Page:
The Hotkey Command Adds Immense Flexibility to AutoHotkey Scripts, But You Should Know How and When to Use It!
As I review the Hotkey command for my upcoming explorations, I note that it offers many capabilities which add flexibility and power to Hotkeys (and in some cases to Hotstrings). The advantage to the Hotkey instruction is that unlike the basic double-colon Hotkey definition (!#^h::command) which gets defined in the first phase of AutoHotkey file processing, it can run at any later time—either while loading in the auto-execute section or after the file loads in any subroutine or function.
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New to AutoHotkey? See “Introduction to AutoHotkey: A Review and Guide for Beginners.”
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Since the standard double-colon Hotkeys are defined at the same time as Hotstrings and the hashtag (#) directives in the initial AutoHotkey script loading scan (as discussed in an earlier blog), except for the Hotkey command, they would be etched into programming code—unchangeable once the script is loaded. (In fact, this is the case for Hotstrings which, once an app is running, don’t have the benefit of a similar corresponding command for Hotstring manipulation.) The inclusion of the Hotkey command (AutoHotkey’s namesake) turns the regular double-colon Hotkey (a huge part of what distinguishes AutoHotkey from AutoIt) into a flexible force for Windows automation. Understanding how and when to apply the Hotkey command is critical to making the best use of AutoHotkey Hotkeys in your scripts.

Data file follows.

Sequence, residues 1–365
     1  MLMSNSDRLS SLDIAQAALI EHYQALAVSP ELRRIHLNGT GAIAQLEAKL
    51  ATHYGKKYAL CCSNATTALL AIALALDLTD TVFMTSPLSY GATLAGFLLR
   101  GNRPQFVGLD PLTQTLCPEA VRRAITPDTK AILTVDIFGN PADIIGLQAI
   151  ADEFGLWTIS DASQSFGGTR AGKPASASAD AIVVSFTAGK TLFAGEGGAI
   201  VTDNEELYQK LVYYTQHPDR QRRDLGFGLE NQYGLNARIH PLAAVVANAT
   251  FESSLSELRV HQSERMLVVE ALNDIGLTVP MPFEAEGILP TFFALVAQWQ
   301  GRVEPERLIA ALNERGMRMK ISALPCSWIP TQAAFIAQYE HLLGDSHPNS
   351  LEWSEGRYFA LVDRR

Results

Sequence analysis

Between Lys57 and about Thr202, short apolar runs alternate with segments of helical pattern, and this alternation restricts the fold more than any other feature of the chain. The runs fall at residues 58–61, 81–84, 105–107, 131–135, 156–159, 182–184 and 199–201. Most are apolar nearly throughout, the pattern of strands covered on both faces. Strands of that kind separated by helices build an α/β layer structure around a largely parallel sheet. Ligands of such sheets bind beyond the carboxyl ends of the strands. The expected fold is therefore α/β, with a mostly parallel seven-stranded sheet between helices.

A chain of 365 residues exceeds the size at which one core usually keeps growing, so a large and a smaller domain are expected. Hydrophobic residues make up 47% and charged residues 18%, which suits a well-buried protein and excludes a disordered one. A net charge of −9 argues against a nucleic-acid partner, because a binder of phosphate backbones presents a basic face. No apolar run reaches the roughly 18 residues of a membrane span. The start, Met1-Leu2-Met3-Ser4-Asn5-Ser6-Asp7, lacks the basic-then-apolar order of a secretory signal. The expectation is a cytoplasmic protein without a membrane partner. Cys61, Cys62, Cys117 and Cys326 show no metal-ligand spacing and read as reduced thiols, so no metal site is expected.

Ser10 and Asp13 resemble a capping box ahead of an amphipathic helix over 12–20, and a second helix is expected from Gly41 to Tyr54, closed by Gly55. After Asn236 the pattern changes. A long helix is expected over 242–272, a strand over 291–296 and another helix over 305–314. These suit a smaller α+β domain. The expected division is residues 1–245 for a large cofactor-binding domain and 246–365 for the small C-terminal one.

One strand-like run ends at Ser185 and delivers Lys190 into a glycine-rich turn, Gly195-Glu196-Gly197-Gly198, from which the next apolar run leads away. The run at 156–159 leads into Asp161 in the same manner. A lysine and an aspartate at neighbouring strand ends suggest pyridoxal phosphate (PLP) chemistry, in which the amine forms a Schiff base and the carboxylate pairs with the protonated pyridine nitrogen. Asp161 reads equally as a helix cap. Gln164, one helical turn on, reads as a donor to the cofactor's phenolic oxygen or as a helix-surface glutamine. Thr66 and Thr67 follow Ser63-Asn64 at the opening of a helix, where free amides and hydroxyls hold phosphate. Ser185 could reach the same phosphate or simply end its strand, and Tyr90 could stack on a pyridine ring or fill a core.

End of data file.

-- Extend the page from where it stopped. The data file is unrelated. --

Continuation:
There are three forms of the Hotkey command:
Hotkey, KeyName [, Label, Options] Hotkey, IfWinActive/Exist [, WinTitle, WinText] Hotkey, If [, Expression]
The first form is by far the most flexible and useful allowing you to create or reassign Hotkeys, turn them off and on, assign subroutines (Labels) to them, and implement special AtlTab features. The second use (e.g. Hotkey, IfWinActive) is similar in form and effect to the #IfWinActive directive discussed in the previous blog. Finally, the last format (Hotkey, If) works in conjunction with the #If directive to create special conditional Hotkeys using expressions.
The Hotkey command offers so much that it’s difficult to know where to start. Therefore, I will continue with the Windows shortcut blocking action discussed in previous blogs, then diverge into other aspects of the Hotkey command in the future.
Last time, I used the GroupAdd command to place particular browser windows into a single group of shortcut-blocking Hotkeys preloaded by the context-sensitive #IfWinActive directive. The GroupAdd commands are later loaded in the auto-execute section of the script:
GroupAdd, BrowserGroup, ahk_class Chrome_WidgetWin_1 GroupAdd, BrowserGroup, ahk_class MozillaWindowClass GroupAdd, BrowserGroup, ahk_class ApplicationFrameWindow GroupAdd, BrowserGroup, ahk_class IEFrame #IfWinActive ahk_group BrowserGroup ^W::MsgBox Oops! You pressed CTRL+W !F4::MsgBox Oops! You pressed ALT+F4 ^F4::MsgBox Oops! You pressed CTRL+F4 #IfWinActive
The new group BrowserGroup created with the GroupAdd command accounts for Google Chrome (Chrome_WidgetWin_1), Mozilla Firefox (MozillaWindowClass), Microsoft Edge (ApplicationFrameWindow), and Internet Explorer (ahk_class IEFrame) windows. To add more programs to the shortcut blocking list, I merely add another line to the GroupAdd commands. This is a relatively simple way to create context-sensitive Hotkeys, but once loaded the directives cannot be directly modified.
The same blocking can be accomplished with the Hotkey command by removing the preloaded #IfWinActive directive and replacing it with the second form of the Hotkey command (Hotkey, IfWinActive):